Those types of partnerships and solutions are blossoming across the continent.
The Future of the Movement
Standing at the podium of the Youth Bike Summit, wearing a shy but eager smile, Alpha Barry proudly professed: “I’m a student, a bike mechanic, a bike rider and an advocate.”
Growing up in a small village in Guinea, a nation on Africa’s west coast, Barry said, “Only two families in the village owned a car, and even a bicycle was a treasure.” Rather than looking forward to a driver’s license, Barry longed to apprentice in a bike shop, which intoxicated him with the scent of “grease, oil and hard work.” As a teenager, Barry’s bicycle dream came true – more than 4,000 miles (6,400 kilometers) away, in New York City, NY.
As a student at Brooklyn International High School, Barry got an internship at Recycle-A-Bicycle, where he built and learned to maintain his own bike. For 10 months, he worked with area officials on the planning and development of the Brooklyn Waterfront Greenway – a 14-mile (23-kilometer) multi-use path that passes through a number of multi-cultural communities – and took his first trip to Washington, DC, for the National Bike Summit.
For Barry, the bicycle became more than a means of transportation. “I see everything around me in a new way, as if everything has come to life and everything is suddenly possible,” he said.
Thanks, in part, to organizations like Recycle-A-Bicycle, the next generation of cyclists will likely look more like Alpha Barry than the past archetype of the affluent, spandex-wearing white male. The growing community bike shop movement is widening the movement by providing free or low-cost bicycles to youth and adults in exchange for their time and energy. Traditional advocacy groups are more often – and more effectively – outreaching to diverse neighborhoods, too.
Since the inception of the Major Taylor program, Ewing and Cascade Bicycle Club have provided bicycles, education and programming to more than 430 students at some of the city’s most diverse schools. The LACBC is just one of many advocacy groups that have created Spanish-language literature and education classes. In the US capital, the Washington Area Bicyclist Association started a new effort in a predominantly African-American community “East of the Anacostia,” where bicycle infrastructure and outreach have been virtually nonexistent.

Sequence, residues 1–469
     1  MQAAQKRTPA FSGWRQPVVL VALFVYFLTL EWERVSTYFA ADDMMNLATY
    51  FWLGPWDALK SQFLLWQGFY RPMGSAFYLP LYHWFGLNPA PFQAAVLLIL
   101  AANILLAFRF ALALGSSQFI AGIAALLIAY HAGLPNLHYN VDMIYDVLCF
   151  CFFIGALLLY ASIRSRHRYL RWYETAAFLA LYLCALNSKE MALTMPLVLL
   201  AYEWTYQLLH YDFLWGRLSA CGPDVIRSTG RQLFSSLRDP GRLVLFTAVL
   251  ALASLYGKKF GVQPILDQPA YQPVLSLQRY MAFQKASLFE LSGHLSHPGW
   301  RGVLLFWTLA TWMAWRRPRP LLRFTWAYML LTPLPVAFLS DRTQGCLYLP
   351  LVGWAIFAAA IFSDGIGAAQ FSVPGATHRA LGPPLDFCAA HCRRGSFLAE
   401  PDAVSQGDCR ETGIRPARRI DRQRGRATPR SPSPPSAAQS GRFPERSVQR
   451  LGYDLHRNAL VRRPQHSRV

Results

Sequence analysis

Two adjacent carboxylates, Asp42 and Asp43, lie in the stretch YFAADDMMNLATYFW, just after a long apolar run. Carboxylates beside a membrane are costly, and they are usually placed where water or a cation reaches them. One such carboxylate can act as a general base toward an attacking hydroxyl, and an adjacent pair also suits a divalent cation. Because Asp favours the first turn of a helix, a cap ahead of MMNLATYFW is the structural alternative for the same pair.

Making those efforts successful, though, depends on not just evangelizing the merits of bike lanes, but “building genuine relationships for the sake of building relationships,” Taylor said. It also means understanding community needs and concerns. “What if we can make bike lanes a strategy for increasing safety?” Taylor asked. “What if bike lanes become a solution to connectivity, decreasing these communities’ isolation from an economic and social standpoint?”
Progress through Leadership
Encouraging more adults to ride is a multi-faceted equation. Taylor believes bicycle education can play a key role – especially if the teacher is from the same community as the student. This year, Taylor is working with the League of American Bicyclists to certify 75 African-Americans as League Cycling Instructors who can be ambassadors, role models and champions for biking in their communities.
Especially for new immigrants, not understanding the rules of the road can curb the desire to commute by bike. Angel Chen, who moved to Toronto, from Taiwan, said in her home country bicyclists are more akin to pedestrians than cars, so sidewalk riding was common. In Canada, that’s largely illegal.
Programs like the newcomer cycling program helped Chen and Teo by providing resources, such as route planning and mentorship. “The Toronto Cyclist Handbook, which explains safety tips and the rules of the road in Toronto, was published in English and in 16 other languages,” Teo said. “Safety and other cycling-related workshops were also held at community hubs, other settlement agencies, libraries and schools. There is also this unique program called the Bike Host Circle where volunteer cyclist mentors are matched with newcomer ‘mentees’ to get them familiar with the city through cycling.”
While riding to work may eliminate costs for gas and transit, Nannette Rodriguez, a Puerto Rican cyclist in Des Moines, IA, said cost may be a deterrent for some potential bike commuters. “A large impediment for emerging populations in the US to adopt cycling is the perception that there’s a large investment that needs to be made in equipment,” she said. “Here in Des Moines, we have the Des Moines Bicycle Collective, which restores and repairs bicycles and sells them very economically, or trades volunteer work for bikes. Collectives like this need to be promoted to emerging populations, preferably in their language.”